Ria Beckers

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Ria Beckers in 1981
Ria Beckers in 1977

Maria Brigitta Catherina (Ria) Beckers-de Bruijn (born 2 November 1938 in Driebergen – 22 March 2006 in Wadenoijen) was a Dutch Green politician. She was the political leader of the progressive Christian party PPR and its successor GreenLeft.

Because of her motherly appearance Beckers was called "Moeder" (Mother) by other PPR-members, after the foundation of the GreenLeft she was called "De Akela van GroenLinks" (Akela (Cub Scout-leader) of the GreenLeft).

Career before politics[edit]

In 1956 Beckers completed the gymnasium, in which she took all courses and did not major in either sciences or arts. She continued to study Latin and Greek at the University of Utrecht. Since 1962 she taught these languages at high schools in Haarlem and Leiden. Her thesis concerned the position of women in Greek Tragedy.

In the 1970s she had become active in the progressive Christian party Politieke Partij Radicalen (PPR). Beckers had a Catholic background. She became a member of the PPR board in 1973 as vice-chairperson. In 1974 she was elected chairperson of the PPR.

Political career[edit]

In 1977 Beckers was elected lijsttrekker of the PPR. This is remarkable because she was not a member of parliament at the time. The young Beckers was expected to perform better under young voters than the then political leader Bas de Gaay Fortman. She was the first female lijsttrekker in Dutch politics. In the 1977 elections the PPR lost four of its seven seats. Beckers nonetheless remained political leader and led the PPR in the 1981, 1982 and 1986 elections. In these elections the party got between two and three seats. Under her leadership the PPR broke its links with the PvdA and oriented itself to the more left-wing parties PSP, CPN and EVP. The PPR was no longer interested in governing but instead chose to testify to its ideals.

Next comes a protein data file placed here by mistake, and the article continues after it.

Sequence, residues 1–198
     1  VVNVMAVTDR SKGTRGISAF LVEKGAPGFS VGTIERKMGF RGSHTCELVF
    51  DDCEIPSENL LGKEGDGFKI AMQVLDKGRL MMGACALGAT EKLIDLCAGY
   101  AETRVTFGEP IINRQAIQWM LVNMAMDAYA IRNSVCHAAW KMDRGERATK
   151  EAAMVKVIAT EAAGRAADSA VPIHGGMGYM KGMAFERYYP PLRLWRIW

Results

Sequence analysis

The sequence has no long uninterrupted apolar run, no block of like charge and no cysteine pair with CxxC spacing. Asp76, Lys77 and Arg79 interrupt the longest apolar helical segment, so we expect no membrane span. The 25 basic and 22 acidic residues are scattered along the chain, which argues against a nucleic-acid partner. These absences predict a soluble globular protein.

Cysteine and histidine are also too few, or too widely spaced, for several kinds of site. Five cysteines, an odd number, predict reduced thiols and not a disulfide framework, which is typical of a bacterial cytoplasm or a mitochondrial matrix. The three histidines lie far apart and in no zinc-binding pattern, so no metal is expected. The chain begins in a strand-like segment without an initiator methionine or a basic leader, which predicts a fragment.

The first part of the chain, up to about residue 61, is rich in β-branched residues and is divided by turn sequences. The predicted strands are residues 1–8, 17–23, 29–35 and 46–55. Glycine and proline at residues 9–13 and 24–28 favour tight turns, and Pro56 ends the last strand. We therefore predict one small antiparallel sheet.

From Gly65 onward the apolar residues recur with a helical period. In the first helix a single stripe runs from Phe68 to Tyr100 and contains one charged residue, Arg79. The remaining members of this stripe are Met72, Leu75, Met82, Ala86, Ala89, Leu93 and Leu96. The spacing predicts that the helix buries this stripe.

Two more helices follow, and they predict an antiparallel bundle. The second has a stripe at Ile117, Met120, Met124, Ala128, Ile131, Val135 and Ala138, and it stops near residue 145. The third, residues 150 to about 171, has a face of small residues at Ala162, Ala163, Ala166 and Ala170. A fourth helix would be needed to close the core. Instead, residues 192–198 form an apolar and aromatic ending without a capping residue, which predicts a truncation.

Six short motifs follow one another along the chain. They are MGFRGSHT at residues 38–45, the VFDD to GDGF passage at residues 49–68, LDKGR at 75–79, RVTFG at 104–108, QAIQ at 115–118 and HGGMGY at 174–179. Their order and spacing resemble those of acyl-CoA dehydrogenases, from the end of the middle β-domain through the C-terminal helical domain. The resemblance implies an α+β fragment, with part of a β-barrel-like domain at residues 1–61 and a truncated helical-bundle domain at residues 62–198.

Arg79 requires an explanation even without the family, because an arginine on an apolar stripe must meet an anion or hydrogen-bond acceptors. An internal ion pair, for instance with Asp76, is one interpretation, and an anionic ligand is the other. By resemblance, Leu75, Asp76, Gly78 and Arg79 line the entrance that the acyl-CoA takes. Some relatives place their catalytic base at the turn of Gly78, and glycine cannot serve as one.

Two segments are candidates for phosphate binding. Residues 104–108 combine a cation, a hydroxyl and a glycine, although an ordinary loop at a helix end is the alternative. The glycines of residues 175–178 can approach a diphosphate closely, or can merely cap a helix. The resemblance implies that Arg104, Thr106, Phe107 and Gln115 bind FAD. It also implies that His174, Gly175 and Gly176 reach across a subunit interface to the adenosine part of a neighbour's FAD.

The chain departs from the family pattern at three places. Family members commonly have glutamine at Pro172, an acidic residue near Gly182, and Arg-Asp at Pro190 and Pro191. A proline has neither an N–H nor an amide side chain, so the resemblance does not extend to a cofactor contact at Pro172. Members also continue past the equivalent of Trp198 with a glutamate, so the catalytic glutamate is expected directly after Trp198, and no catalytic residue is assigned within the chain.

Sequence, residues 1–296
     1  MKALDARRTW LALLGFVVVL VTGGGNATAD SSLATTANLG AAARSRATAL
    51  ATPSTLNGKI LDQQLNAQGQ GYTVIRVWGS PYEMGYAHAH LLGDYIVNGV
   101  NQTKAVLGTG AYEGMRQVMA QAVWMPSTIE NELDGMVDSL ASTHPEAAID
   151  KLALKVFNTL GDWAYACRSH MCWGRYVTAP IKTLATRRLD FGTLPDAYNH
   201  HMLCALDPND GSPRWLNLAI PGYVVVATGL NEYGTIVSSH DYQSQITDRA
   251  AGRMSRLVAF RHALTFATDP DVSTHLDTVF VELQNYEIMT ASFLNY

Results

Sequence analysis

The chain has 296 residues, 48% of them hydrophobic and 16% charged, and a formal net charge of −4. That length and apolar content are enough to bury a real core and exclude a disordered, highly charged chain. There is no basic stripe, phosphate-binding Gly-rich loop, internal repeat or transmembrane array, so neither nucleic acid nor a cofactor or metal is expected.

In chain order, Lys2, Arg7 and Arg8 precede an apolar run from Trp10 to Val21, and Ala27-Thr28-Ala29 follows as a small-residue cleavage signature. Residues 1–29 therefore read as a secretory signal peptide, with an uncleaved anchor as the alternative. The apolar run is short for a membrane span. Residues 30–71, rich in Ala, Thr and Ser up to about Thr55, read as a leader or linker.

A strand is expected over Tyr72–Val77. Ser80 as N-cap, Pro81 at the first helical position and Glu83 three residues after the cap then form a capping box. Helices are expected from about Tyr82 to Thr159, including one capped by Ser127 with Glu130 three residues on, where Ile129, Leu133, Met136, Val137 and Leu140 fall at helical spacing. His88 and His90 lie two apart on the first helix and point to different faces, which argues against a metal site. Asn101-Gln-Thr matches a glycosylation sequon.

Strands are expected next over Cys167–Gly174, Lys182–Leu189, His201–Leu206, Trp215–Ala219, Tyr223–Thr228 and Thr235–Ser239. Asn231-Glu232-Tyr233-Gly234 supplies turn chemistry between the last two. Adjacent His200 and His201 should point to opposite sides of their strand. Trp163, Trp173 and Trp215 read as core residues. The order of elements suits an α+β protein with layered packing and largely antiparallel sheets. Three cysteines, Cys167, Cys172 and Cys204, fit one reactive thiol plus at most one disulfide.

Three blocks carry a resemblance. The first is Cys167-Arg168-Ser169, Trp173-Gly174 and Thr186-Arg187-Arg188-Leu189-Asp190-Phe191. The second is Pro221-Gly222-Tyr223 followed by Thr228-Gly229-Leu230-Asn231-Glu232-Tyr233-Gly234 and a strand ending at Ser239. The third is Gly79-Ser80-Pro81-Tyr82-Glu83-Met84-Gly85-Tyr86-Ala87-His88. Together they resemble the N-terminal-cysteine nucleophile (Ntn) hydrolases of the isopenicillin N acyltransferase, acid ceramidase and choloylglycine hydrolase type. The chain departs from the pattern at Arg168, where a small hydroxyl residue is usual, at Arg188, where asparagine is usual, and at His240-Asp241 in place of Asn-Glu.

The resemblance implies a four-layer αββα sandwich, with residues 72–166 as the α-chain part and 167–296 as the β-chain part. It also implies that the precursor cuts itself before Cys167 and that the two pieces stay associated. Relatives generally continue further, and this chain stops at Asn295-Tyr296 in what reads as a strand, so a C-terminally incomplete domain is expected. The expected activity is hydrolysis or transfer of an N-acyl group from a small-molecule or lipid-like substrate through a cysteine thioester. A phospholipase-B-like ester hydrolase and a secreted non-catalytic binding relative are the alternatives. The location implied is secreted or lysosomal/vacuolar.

In 1989 the PPR merged with these left-wing parties to become the GreenLeft. Beckers was elected lijsttrekker of the new formation. In the 1989 elections the GreenLeft got a disappointing six seats. Beckers remained political leader of the GreenLeft until 1993, when she stood down for a new generation. She had been political leader of her party for sixteen years. When she left parliament in 1993 prime-minister Lubbers praised her by saying "you gave us (the government) a lot of trouble".

In parliament Beckers took special interest in promoting organic farming and peace.

Later career[edit]

After leaving politics Beckers became involved in green NGOs: she was chairperson of the Platform Biologica, which promotes organic agriculture, from 1993 to 2004. She was chairperson the Foundation for Nature and the Environment since 1994 for ten years. After she left these positions in 2004 she was made Officer in the Order of Orange Nassau. After that she held several positions in advisory boards, for instance of the green Triodos-bank and Research Centre of Wageningen University.

In 2006 Beckers died after a long sick-bed. After her death she was praised for being an authentic, compassionate and idealistic politician, who stood far from the televised political theater of today.[1]

Personal life[edit]

Beckers was married and had three children, one of whom was adopted.

Beckers lived most of her life in Wadenoijen, which is near the Linge river. For years she protested against the creation of bigger dikes against the river. Ironically, in 1995, she had to be evacuated from her house, because the dikes were expected to be not strong enough to hold back the river.

References[edit]

  1. ^ "Getuigenispoliticus met een groot hart" (Compassionate testimonial politician ) (Dutch). de Volkskrant, March 24, 2006.

External links[edit]